Henry Crabb Robinson

Diary, Reminiscences and Correspondence of Henry Crabb Robinson

Drury Lane Theatre in 1812, via Wikimedia Commons

Source: Thomas Sadler (ed.), Diary, Reminiscences, and Correspondence of Henry Crabb Robinson (London: Macmillan, 1869), vol. I, pp. 406-407

Production: Samuel Taylor Coleridge, Remorse, Drury Lane, London, 23 January 1813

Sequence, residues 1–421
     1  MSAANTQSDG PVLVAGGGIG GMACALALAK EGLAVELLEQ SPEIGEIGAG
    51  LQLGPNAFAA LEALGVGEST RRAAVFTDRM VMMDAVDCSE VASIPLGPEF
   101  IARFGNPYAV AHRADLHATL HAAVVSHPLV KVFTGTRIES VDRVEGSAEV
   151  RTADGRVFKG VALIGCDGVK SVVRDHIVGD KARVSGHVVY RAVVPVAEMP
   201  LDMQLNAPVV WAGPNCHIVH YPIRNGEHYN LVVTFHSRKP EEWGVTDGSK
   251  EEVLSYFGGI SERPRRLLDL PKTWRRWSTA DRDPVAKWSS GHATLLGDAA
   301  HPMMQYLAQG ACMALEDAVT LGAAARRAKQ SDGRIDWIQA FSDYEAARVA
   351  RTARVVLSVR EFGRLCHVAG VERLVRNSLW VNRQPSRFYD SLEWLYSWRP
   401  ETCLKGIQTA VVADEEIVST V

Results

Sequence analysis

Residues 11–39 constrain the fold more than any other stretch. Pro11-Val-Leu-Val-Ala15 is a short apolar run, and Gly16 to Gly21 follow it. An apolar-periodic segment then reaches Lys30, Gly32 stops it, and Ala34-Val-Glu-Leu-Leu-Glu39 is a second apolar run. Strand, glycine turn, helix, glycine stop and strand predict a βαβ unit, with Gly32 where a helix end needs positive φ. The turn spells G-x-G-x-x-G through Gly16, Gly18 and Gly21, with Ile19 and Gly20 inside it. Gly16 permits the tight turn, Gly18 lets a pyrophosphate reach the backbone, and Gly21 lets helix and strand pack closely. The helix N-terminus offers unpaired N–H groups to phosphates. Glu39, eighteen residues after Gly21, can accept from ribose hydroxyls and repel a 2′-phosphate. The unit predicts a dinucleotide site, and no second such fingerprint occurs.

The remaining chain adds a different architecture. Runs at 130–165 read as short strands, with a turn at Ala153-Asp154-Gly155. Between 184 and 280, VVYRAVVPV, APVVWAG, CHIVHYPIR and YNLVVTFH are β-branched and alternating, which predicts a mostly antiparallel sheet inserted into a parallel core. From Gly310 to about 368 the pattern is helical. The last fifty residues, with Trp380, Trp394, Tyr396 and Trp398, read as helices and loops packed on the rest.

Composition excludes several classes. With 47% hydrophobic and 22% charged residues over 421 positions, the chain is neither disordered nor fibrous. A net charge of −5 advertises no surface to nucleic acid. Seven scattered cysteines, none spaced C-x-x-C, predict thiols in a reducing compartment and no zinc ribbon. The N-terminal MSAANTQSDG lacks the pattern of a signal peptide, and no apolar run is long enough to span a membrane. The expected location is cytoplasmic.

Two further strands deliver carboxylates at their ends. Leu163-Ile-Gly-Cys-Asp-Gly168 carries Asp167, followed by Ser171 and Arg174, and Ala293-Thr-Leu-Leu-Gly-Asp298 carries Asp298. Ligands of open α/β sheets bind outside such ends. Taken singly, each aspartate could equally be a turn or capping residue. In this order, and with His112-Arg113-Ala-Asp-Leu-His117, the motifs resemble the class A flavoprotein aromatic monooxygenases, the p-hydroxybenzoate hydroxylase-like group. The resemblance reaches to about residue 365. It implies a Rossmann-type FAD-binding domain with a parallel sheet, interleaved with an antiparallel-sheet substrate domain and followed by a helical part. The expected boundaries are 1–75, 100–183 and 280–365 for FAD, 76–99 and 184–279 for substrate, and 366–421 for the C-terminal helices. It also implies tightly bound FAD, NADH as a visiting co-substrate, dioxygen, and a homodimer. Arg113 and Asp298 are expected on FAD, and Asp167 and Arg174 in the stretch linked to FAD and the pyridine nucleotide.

Text: January 23rd. — In the evening at Drury Lane, to see the first performance of Coleridge’s tragedy, “Remorse.”* I sat with Amyot, the Hamonds, Godwins, &c. My interest for the play was greater than in the play, and my anxiety for its success took from me the feeling of a mere spectator. I have no hesitation in saying that its poetical is far greater than its dramatic merit, that it owes its success rather to its faults than to its beauties, and that it will have for its less meritorious qualities applause which is really due to its excellences. Coleridge’s great fault is that he indulges before the public in those metaphysical and philosophical speculations which are becoming only in solitude or with select minds. His two principal characters are philosophers of Coleridge’s own school; the one a sentimental moralist, the other a sophisticated villain — both are dreamers. Two experiments made by Alvez on his return, the one on his mistress by relating a dream, and the other when he tries to kindle remorse in the breast of Ordonio, are too fine-spun to be intelligible. However, in spite of these faults, of the improbability of the action, of the clumsy contrivance with the picture, and the too ornate and poetic diction throughout, the tragedy was received with great and almost unmixed applause, and was announced for repetition without any opposition.